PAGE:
Earlier this year, Robert Bradley Jr. and I reviewed the ExxonMobil ads that Harvard science history professors Geoffrey Supran and Naomi Oreskes identified as particularly egregious. We found that the ads were in accordance with the accepted science of the day and generally hold up well even now. But Heins doesn’t dispute that the ads were factual, he argues that they were misleading. Heins (reviewing a stack of ExxonMobil ads):

When I looked at those advertorials at the time, I didn’t take them to be that important…  So, this one about “unsettled science” is highlighting uncertainties or variabilities that are true but they’re not important to the issue. It’s not something that deflects us from the basic idea that more CO2 changes the climate in a bad way. They were sowing doubt. It was not just public posturing; it was truly casting aspersions on science.

Heins’s charge, and that of the BBC, is not that ExxonMobil lied, but that they misled the public by emphasizing the “wrong” truths, and they funded think tanks that also emphasized the wrong truths.

That ExxonMobil’s ads were technically factual is, of course, a low bar. As Benjamin Franklin observed, “Half the truth is often a great lie.” So, what about the part the company left out? What about the natural disasters that are so prominently featured in the BBC’s documentary? 

Doubling Down on Disaster

Like the first episode, Episode 2 presents a series of clips depicting horrific natural disasters. Viewers are told that the number of such events has been steadily growing. However, a review of the actual data reveals a far less alarming picture (the following comes from Koonin, pp. 130–43).

Tornadoes – The number of tornadoes in the U.S. has not increased over the last sixty years. What has increased is our ability to detect smaller and smaller storms. So, a chart showing all detected tornadoes since 1960 shows an alarming rising trend. If, however, we remove weaker (and less damaging) tornadoes from the charts and include only the high-intensity storms that were detectable throughout the entire reporting period, the rising trend completely disappears.

Hurricanes – Reports showing a sharp increase in the number of hurricanes, cyclones, and typhoons typically use 1970 as their starting point. If, however, we expand the window back to, say, 1850, the recent increase is revealed to be simply part of a sixty-year cycle.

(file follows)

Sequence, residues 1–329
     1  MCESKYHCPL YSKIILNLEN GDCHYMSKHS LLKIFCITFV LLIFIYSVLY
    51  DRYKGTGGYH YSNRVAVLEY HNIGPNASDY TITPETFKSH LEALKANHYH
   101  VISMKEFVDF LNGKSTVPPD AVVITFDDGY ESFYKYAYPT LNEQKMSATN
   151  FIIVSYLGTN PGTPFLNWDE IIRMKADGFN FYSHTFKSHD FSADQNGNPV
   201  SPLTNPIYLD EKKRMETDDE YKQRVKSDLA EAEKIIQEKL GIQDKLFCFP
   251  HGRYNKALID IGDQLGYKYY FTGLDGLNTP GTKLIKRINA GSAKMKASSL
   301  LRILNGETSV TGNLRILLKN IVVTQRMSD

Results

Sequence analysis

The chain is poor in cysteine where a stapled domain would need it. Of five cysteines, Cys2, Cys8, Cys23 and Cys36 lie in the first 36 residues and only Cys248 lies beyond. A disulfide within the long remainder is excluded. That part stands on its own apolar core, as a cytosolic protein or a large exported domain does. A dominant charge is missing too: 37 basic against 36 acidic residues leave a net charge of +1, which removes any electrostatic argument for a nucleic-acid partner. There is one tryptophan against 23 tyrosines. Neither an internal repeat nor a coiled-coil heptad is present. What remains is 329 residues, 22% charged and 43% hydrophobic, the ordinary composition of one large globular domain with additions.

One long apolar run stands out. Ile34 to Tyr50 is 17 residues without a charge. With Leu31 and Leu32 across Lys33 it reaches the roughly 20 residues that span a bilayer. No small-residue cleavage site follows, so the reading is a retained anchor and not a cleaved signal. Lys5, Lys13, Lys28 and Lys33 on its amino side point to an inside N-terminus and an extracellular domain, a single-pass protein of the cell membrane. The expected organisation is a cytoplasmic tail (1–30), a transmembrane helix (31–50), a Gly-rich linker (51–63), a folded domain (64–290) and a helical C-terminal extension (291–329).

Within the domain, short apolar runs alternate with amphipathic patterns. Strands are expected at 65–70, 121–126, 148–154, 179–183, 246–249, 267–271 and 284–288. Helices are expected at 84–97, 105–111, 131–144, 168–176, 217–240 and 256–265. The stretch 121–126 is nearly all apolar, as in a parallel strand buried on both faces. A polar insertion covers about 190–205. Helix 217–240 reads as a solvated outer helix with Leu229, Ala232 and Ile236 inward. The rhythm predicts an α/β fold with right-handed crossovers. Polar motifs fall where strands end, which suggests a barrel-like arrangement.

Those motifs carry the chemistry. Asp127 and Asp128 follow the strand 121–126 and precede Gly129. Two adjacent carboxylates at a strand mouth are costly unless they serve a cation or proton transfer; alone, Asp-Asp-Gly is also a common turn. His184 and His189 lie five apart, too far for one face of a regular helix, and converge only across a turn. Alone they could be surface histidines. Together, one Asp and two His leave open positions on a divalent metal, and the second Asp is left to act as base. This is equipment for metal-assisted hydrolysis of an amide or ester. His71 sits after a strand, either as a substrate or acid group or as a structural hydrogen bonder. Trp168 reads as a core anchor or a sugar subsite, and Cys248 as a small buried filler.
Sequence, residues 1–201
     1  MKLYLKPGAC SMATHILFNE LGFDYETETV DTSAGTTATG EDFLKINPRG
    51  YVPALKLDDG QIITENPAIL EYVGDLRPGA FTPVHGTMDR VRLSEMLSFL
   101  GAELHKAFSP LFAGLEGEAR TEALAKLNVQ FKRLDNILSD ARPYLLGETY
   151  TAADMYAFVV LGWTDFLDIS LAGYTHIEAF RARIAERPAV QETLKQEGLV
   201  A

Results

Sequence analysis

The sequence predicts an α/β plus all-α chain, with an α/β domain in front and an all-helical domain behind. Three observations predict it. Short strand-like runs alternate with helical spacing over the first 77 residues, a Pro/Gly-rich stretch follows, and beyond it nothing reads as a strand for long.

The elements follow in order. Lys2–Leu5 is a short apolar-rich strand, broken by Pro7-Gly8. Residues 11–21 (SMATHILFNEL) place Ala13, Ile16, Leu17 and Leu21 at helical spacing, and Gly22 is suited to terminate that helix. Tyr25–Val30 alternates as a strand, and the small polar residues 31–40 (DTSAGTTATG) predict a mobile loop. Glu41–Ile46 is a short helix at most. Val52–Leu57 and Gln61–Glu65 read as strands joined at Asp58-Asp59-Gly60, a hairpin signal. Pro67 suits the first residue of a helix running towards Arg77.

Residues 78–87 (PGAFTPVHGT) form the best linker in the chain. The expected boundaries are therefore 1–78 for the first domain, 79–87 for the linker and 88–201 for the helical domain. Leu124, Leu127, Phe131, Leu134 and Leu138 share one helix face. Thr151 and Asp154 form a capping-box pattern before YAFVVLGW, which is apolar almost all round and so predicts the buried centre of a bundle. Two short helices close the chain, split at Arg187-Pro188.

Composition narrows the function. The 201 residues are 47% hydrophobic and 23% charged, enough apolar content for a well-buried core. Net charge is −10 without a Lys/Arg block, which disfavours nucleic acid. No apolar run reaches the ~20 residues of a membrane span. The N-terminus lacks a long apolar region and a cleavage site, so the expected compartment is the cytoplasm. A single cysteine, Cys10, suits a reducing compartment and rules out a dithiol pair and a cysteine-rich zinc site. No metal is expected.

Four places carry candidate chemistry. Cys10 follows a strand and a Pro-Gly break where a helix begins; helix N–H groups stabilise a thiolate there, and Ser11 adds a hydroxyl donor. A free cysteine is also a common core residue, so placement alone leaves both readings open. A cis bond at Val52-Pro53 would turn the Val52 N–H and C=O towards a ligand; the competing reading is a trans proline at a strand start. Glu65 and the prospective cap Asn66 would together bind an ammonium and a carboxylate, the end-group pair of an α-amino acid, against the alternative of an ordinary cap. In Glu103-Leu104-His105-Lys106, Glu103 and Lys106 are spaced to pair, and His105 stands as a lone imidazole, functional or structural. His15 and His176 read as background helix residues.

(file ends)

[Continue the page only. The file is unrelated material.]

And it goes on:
Rainfall – In the U.S., average annual precipitation has increased by about 0.6 percent per decade since 1900. In addition, during the last 40 years, the number of intense rainfall events has increased. Anthropogenic causality or natural, the good news is that prioritized flood management works against the alarmist narrative.

Drought – While California’s recent six-year drought is the worst since 1901, it is difficult to identify a long-term trend from the Palmer Drought Severity Index for the state over the last 120 years.

Wildfires – Satellite data for 2003–2015 shows a steady downward trend in the global area burned by fires. However, the “data also showed a significant increase in the intensity and reach of fires in the western United States.” These observations probably reflect a combination of improved firefighting equipment and techniques worldwide, with the U.S. West Coast experience reflecting warmer temperatures due to some combination of weather variations and anthropogenic climate change, and notoriously poor forestry management.

In short, extreme-weather-event frequency is far more nuanced than the BBC portrays, and it certainly does not accord with the unrelieved images of catastrophe depicted in its documentary.

Conclusion

The BBC’s claim that ExxonMobil misled the public doesn’t stand up to scrutiny. A better case can be made that it is the BBC that is being misleading. First, it reported only part of the story. Yes, burning fossil fuels emits carbon dioxide and carbon dioxide warms the planet. But fossil fuels also keep most people in the world today alive and there are currently no alternatives that are both practical and politically acceptable. Moreover, there are benefits to increased atmospheric levels of CO2 and to the warmer, wetter world that the higher levels foster. For example, more carbon dioxide increases crop yields by raising the rate of photosynthesis and reducing the amount of water that plants lose through transpiration.